A four-day workweek is still a buzz in organizations from around the world. Reducing the working days to four days a week is an arguable idea. Some organizations have been experimenting with the culture to discover its implications. Better productivity is another result that the companies are expecting from this culture.
The concept was launched in February 2018 by Andrew Barnes, a New Zealand-based entrepreneur and philanthropist. He ideated the four-day workweek in his own company Perpetual Guardian. In March 2018, he stated that the staff members were able to find more time for themselves, allowing them to engage in new hobbies and learn new skills. Along with that, they could spend more time with their family and friends.
That was the end of the trial period. After which, 78% of the employees declared that they could perfectly manage their work-life balance. Their stress levels and overall job satisfaction were increased. This resulted in a further boost of this debatable work culture, leading other organizations and councilors to brainstorm more on the topic.
As the pandemic started and continued, more companies came forward in the favor of four-day workweek work culture. Considering they have been working remotely for over 2 years now, everyone has gotten accustomed to working from home. Now the question is, is it really plausible for every company to introduce a four-day workweek culture?
Japan is a country that has always given utmost importance to healthier and happier work culture. Panasonic Japan accepted this work culture with an aim to see better work-life balance, joining a handful of other Japanese companies. In 2019 Microsoft Japan saw a 40% boost in productivity and happier employees causing more companies to join the culture. It proves that the duration to complete a task is not directly proportionate to its quality or productivity. Employees’ productivity can be measured with results rather than with time.
UAE is another country that made its transition to this employee-oriented culture in 2021 with an aim to achieve higher productivity and morale.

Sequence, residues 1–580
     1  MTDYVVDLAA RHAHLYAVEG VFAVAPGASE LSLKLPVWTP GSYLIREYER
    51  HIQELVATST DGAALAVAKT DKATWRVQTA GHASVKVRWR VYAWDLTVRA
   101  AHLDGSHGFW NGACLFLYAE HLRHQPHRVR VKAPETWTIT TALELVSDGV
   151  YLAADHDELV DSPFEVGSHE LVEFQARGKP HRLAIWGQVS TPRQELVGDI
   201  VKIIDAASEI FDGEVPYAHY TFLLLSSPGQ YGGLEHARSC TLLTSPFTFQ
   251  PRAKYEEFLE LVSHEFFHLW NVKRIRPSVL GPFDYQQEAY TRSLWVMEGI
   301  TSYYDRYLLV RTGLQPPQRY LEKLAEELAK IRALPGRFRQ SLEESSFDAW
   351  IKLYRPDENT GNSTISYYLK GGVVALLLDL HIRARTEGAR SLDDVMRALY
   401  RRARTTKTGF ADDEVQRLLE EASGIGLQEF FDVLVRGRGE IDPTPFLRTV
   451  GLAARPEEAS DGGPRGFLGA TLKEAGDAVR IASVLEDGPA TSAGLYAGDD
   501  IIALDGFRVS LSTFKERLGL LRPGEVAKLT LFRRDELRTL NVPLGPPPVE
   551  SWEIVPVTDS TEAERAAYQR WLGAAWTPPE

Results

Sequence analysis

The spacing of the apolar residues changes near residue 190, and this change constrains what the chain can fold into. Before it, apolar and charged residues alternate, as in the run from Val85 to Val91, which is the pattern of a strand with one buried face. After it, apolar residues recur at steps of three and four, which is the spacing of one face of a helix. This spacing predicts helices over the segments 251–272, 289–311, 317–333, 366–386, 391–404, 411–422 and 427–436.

A four-day workweek has resulted in employees being able to allocate more time to their mental and physical health. The level of their commitment has also increased. A happier work culture can lead to improved employee retention. They find more time that can help them feel relaxed and they would also be less likely to take sick leaves. This would cultivate more enthusiasm for them to work the next day.
In 2015, Sweden conducted a study with nurses who were responsible to work only 6 hours for 5 days a week. The outcome was effective and reassuring as the nurses could organize 85% healthier activities for their patients. Along with that, they were clocking relatively fewer sick hours and were able take care of their mental well-being.
The countries and companies that have started the four-day workweek regime mostly have Fridays as the day off. Hence, customers using these companies’ services can find it difficult to reach out to the authorized people who could resolve their concerns. This can cause a dissatisfied number of customers. An effective solution to this problem would be to integrate a bot system or AI-enabled websites that would take away the harsh dependency on employees.
To business savvy employers, the four-day workweek culture can cause major disruption as they have to pay the employees the same salary for lesser hours of work. Employers can discuss the matter and decide with their most trusted managers to work with their team members on a trial period. Once they have the output, they can decide whether to introduce it to the whole company or not.
As technological advances are upgrading every single day, the four-day workweek culture can become more possible for companies around the world. We are yet to find more results from companies that have encouraged the culture. And as per their results, many more companies might come forward with their ideas to implement it more efficiently.